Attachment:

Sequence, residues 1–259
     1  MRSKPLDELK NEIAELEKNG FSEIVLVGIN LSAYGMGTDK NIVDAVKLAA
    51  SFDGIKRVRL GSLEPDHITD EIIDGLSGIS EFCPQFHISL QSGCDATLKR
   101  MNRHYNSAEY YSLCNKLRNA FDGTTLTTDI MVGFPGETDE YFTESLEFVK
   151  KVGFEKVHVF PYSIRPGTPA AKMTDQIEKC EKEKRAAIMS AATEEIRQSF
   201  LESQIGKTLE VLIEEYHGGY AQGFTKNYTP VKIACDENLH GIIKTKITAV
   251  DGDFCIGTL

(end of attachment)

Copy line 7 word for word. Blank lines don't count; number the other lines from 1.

   251  DGDFCIGTL